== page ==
Mike Bechtle is an interpersonal communications expert. His witty-titled books such as People Can’t Drive You Crazy If You Don’t Give Them the Keysand Dealing With the Elephant in the Room amuse as they capture your attention. Anyone who leads a small group knows that healthy communication is the bedrock of a healthy group; without it, the group falls apart. Just as a little rain must fall in everyone’s life, a little conflict must emerge in every group. Rather than flee the inevitable, Mike is a great counselor and coach for leaders who want to successfully navigate turbulent waters.
Mike, thanks for taking the time to be part of this conversation. How did communication and conflict resolution become a burning passion of yours?
Well, that’s easy. I was bad at it and wanted to get better. I was an introvert (and still am) and always felt intimidated in most conversations. I could always think of the perfect response to something, but it was about ten minutes after the conversation was over. I believed that if I was ever going to hold my own, I needed to become an extrovert—or at least act like one.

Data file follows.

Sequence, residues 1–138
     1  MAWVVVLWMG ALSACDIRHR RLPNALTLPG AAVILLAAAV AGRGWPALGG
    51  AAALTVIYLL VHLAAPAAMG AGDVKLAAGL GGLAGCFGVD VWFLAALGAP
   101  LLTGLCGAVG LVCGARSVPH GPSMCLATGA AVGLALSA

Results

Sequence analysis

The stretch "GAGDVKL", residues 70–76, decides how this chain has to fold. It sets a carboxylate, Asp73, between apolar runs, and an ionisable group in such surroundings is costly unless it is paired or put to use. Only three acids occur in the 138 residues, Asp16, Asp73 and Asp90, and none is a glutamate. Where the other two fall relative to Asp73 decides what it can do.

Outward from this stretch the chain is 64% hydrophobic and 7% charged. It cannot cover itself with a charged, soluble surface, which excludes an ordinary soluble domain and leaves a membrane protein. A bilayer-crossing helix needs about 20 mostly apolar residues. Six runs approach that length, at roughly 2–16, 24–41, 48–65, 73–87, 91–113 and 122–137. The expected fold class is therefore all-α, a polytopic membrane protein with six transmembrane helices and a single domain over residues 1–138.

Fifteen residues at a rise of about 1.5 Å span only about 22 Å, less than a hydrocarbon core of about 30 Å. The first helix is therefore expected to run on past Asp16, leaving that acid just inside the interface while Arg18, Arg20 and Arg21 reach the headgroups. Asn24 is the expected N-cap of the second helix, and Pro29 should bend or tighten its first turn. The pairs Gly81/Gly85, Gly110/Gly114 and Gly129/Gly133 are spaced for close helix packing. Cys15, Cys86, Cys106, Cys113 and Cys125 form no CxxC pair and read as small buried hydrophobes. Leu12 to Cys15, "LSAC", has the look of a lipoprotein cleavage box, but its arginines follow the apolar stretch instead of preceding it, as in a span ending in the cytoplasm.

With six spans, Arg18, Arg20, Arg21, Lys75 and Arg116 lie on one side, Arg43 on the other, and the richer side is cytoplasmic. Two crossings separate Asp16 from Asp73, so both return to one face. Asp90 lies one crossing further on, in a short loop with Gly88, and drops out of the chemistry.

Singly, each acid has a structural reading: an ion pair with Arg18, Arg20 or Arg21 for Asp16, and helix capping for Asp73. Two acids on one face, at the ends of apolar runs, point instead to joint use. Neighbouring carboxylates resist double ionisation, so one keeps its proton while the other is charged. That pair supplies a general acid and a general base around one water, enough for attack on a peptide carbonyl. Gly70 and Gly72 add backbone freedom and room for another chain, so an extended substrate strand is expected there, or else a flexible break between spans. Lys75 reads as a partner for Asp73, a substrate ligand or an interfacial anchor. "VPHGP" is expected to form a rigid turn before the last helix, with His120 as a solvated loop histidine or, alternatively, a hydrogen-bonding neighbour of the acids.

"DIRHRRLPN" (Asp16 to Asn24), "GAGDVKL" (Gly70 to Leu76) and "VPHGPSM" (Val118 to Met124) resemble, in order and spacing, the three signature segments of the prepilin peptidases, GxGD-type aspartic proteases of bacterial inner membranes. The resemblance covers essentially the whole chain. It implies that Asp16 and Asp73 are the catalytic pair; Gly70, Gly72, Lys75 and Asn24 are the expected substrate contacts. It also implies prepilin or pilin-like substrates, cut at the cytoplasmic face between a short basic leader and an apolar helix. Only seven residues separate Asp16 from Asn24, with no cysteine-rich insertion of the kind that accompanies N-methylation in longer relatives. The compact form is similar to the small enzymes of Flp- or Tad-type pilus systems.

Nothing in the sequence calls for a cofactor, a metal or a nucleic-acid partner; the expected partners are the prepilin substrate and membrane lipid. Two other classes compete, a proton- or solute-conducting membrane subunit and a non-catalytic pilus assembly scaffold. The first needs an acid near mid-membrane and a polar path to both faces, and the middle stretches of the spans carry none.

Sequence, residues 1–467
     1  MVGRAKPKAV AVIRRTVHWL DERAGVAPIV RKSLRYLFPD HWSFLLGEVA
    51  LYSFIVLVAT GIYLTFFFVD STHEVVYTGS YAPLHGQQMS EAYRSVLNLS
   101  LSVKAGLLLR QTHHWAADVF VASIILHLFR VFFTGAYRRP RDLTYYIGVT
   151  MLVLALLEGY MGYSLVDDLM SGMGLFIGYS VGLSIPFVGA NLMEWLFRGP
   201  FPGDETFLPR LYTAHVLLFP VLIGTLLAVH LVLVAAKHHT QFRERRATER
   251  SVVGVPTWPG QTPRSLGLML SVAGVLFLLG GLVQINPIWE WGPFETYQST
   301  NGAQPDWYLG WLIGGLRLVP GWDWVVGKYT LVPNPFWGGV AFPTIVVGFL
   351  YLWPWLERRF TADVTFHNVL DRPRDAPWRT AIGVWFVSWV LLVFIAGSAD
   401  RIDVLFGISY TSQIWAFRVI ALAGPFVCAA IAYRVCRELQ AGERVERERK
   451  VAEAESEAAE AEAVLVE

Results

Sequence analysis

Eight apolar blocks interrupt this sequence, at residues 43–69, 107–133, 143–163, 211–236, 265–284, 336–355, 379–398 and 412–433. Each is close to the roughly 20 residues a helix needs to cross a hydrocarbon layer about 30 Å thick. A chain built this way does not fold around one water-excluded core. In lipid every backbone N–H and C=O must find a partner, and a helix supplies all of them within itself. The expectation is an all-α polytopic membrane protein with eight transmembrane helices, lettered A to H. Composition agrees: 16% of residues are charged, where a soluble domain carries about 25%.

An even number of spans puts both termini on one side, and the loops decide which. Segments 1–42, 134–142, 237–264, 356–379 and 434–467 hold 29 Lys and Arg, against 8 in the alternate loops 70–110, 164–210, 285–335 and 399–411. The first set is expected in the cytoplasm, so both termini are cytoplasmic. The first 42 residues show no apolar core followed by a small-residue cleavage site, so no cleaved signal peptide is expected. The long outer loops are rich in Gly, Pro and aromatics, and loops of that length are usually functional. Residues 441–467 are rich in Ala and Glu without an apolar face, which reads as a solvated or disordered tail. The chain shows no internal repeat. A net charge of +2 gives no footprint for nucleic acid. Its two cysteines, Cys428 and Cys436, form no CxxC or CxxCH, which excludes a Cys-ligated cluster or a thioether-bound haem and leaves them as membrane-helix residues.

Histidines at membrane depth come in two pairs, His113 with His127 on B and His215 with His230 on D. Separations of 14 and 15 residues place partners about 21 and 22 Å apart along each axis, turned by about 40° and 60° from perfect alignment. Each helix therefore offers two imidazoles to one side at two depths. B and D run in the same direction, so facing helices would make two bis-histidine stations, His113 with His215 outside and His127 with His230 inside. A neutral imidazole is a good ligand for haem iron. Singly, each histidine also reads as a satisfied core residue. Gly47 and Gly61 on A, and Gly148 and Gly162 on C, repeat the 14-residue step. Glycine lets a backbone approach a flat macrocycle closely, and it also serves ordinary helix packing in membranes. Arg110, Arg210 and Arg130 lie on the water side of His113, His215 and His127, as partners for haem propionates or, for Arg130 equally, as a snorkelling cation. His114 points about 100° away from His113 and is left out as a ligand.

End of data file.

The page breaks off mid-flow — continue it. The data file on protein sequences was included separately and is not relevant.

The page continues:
But that’s not who I was, and it never worked. I felt like a cheetah in a motivational seminar being told to “soar like an eagle.” Flying sounded great, but cheetahs are made for ground speed. I realized that the only way I could be an effective conversationalist was to learn how I was wired, then build on that. I needed to become the best “me” I could be.
In your book Dealing with the Elephant, you start out encouraging readers to do some preventative relationship work. I was struck but the 8-steps a typical couple journeys through. I think those 8-stages apply beyond romantic ...